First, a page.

NASHVILLE Debriefing: And the award goes to…

WILL CHASE, CONNIE BRITTON

… Anyone not named Luke Wheeler!

Nothing like the Country Music Association Awards to bring out the best and worst in Nashville’s most celebrated residents on its biggest night. After last week’s time jump, we’re right back in the thick of things. Luke (Will Chase) and Rayna (Connie Britton) still think they’re going to get married, but a pre-nup reveals just how little these two actually talk. Juliette (Hayden Panettiere) finally meets Avery’s (Jonathan Jackson) parents, but it doesn’t necessarily go as planned. After the humiliating premiere of their reality show, Will (Chris Carmack) is trying to make lemonade out of lemons, but Layla (Aubrey Peeples) looks like she’s been sucking on those lemons in the meantime. Gunnar’s (Sam Palladio) lapping up fatherhood, but Zoey’s (Chaley Rose) not game with playing stepmom. And everything comes to a head under the spotlights.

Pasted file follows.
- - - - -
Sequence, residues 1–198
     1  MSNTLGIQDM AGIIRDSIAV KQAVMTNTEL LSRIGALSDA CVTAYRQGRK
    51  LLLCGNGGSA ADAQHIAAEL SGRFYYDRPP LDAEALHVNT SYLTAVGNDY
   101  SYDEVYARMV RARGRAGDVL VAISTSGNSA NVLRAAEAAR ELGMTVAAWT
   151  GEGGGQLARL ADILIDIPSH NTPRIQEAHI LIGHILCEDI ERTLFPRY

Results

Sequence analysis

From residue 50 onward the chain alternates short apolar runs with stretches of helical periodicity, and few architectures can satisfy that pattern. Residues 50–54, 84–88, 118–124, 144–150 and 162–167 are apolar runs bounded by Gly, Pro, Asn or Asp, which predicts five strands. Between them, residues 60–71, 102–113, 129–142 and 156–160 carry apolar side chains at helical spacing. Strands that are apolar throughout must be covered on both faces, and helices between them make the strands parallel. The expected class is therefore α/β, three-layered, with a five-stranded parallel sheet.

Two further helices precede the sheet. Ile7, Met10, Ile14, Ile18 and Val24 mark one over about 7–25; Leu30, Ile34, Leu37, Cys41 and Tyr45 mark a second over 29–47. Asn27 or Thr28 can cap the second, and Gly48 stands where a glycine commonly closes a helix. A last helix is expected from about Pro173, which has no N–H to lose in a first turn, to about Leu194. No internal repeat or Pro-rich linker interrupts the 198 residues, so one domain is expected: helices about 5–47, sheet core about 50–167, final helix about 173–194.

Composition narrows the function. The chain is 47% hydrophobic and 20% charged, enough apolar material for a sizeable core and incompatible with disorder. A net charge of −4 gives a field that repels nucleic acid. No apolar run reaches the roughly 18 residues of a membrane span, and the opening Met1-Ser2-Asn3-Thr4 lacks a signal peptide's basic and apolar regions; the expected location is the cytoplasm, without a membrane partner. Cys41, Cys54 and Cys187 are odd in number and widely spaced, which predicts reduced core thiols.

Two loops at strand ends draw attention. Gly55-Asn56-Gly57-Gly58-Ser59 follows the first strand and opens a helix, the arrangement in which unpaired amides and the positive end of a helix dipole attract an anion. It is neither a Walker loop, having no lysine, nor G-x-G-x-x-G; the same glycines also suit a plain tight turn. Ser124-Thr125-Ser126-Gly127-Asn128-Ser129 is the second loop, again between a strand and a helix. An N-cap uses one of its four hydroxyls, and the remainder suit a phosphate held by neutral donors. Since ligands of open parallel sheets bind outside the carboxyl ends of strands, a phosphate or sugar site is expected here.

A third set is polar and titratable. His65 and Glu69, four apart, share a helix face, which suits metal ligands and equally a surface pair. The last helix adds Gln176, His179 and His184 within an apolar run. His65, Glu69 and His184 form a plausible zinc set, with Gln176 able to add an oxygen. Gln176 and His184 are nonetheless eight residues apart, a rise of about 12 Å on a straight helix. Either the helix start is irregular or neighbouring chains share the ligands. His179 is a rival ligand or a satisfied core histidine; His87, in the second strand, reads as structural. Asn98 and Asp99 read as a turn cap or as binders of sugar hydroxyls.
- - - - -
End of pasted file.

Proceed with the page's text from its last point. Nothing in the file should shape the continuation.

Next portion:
When Rayna accidentally discovers a pre-nuptial agreement draft in Luke’s bag, the couple is forced to discuss yet another life-changing topic they’ve failed to broach in the lead-up to their wedding. Rayna is passive-aggressive about it, but Luke rightfully points out how it makes good business sense for both of them, and it protects her assets as much as his. Rayna pretends to agree, but keeps assuring him that it won’t be like that for them, no matter what happens, like any other lovestruck teenage girl. However, since I seriously doubt they’ll actually be making it down any aisle, I’m not too worried about the fallout of this tiff.

Courtesy ABC

Courtesy ABC